It is worth noting that during this period, there have been many voices that it is likely to replace TensorFlow.
On the one hand, it is because of the strength of JAX, and on the other hand, it is mainly related to many reasons of TensorFlow itself.
Why is Google switching to JAX?
TensorFlow, which was born in 2015, was once all the rage. After its launch, it quickly surpassed a number of “trends” such as Torch, Theano, and Caffe to become the most popular machine learning framework.
In 2017, however, the revamped PyTorch “made a comeback”.
This is a machine learning library built by Meta based on Torch. Because it is easy to use and easy to understand, it is quickly favored by many researchers, and even has a tendency to surpass TensorFlow.
In contrast, TensorFlow has become more and more bloated with frequent updates and interface iterations, gradually losing the trust of developers.
(From the perspective of the proportion of questions on Stack Overflow, PyTorch is rising year by year, but TensorFlow has been stagnant)
In the competition, the shortcomings of TensorFlow are gradually exposed. The problems of unstable API, complex implementation, and high learning cost have not been solved with the update, but the structure has become more complex.
In contrast, TensorFlow has not continued to exert its advantages such as “running efficiency” that can be beaten.
In academia, PyTorch usage is gradually overtaking TensorFlow.
Especially in the top conferences such as ACL and ICLR, the algorithm framework implemented by PyTorch has accounted for more than 80% in recent years. In contrast, the utilization rate of TensorFlow is still declining.
That’s why Google couldn’t sit still and tried to use JAX to regain the “dominance” of the machine learning framework.
While JAX is not nominally a “general purpose framework built for deep learning,” Google’s resources have been leaning toward JAX since its inception.
On the one hand, Google Brain and DeepMind are gradually building more libraries on top of JAX.
Including Google Brain’s Trax, Flax, Jax-md, and DeepMind’s neural network library Haiku and reinforcement learning library RLax, etc., are built based on JAX.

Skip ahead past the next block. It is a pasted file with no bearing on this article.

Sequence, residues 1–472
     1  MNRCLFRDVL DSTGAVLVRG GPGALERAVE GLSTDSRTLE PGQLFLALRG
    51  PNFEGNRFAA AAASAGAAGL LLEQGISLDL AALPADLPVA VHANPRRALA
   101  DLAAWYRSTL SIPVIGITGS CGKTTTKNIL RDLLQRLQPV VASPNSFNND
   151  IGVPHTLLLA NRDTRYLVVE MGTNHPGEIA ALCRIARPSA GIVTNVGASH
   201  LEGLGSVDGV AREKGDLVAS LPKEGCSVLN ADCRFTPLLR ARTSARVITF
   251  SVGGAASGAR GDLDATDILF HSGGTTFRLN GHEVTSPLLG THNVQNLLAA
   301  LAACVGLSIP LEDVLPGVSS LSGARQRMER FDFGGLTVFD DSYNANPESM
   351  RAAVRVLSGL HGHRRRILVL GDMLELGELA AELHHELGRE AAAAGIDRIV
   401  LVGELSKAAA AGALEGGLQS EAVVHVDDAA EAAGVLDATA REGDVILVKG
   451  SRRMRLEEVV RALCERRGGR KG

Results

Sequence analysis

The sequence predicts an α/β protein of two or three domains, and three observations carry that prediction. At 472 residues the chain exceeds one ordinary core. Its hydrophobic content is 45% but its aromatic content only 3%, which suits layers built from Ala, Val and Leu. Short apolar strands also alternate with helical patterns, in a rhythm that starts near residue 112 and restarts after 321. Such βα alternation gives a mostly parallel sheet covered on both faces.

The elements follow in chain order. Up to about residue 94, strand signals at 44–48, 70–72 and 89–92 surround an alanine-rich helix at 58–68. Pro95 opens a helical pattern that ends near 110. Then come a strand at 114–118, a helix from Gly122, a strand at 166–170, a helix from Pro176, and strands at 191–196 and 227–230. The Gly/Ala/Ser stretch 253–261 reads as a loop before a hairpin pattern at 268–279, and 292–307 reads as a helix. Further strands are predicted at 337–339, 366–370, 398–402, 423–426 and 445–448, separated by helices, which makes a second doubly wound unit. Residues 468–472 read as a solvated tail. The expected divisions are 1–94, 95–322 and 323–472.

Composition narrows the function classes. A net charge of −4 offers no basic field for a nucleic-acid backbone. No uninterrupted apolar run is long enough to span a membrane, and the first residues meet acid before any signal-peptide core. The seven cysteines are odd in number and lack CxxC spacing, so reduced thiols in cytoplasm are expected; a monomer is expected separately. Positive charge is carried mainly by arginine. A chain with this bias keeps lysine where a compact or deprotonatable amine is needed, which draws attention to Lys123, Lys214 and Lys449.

According to Google’s official statement:
In the development of the JAX ecosystem, consideration will also be given to ensuring that it is consistent (as much as possible) with the design of existing TensorFlow libraries such as Sonnet and TRFL.
On the other hand, more projects have begun to be implemented based on JAX, and the DALL·E mini project that has exploded recently is one of them.
Because it can better utilize the advantages of Google TPU, JAX is much better than PyTorch in running performance, and more industrial projects built on TensorFlow are also switching to JAX.
Some netizens even ridiculed the reason why JAX is so popular: it may be that users of TensorFlow can’t stand this framework.
So, does JAX hope to replace TensorFlow and become a new force to compete with PyTorch?
Which framework do you prefer?
Overall, many people still stand firm on PyTorch.
They don’t seem to like the speed at which Google comes out with a new framework every year.
“JAX, while appealing, isn’t quite “revolutionary” enough to push people away from PyTorch to use it.”
But optimistic about JAX is not a minority.
Some people say that PyTorch is perfect, but JAX is also closing the gap.
Some people even called JAX frantically, saying that it is 10 times more powerful than PyTorch, and said: If Meta does not continue to work harder, Google will win. (manual dog head)
However, there are always people who don’t care about who wins and who loses, and their vision is very long-term:
There is no best, only better. The most important thing is that more players and good ideas all join in, so that open source and truly excellent innovation are equated.
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This article is reprinted from https://www.techug.com/post/tensorflow-danger-google-itself-is-the-one-who-abandoned-it/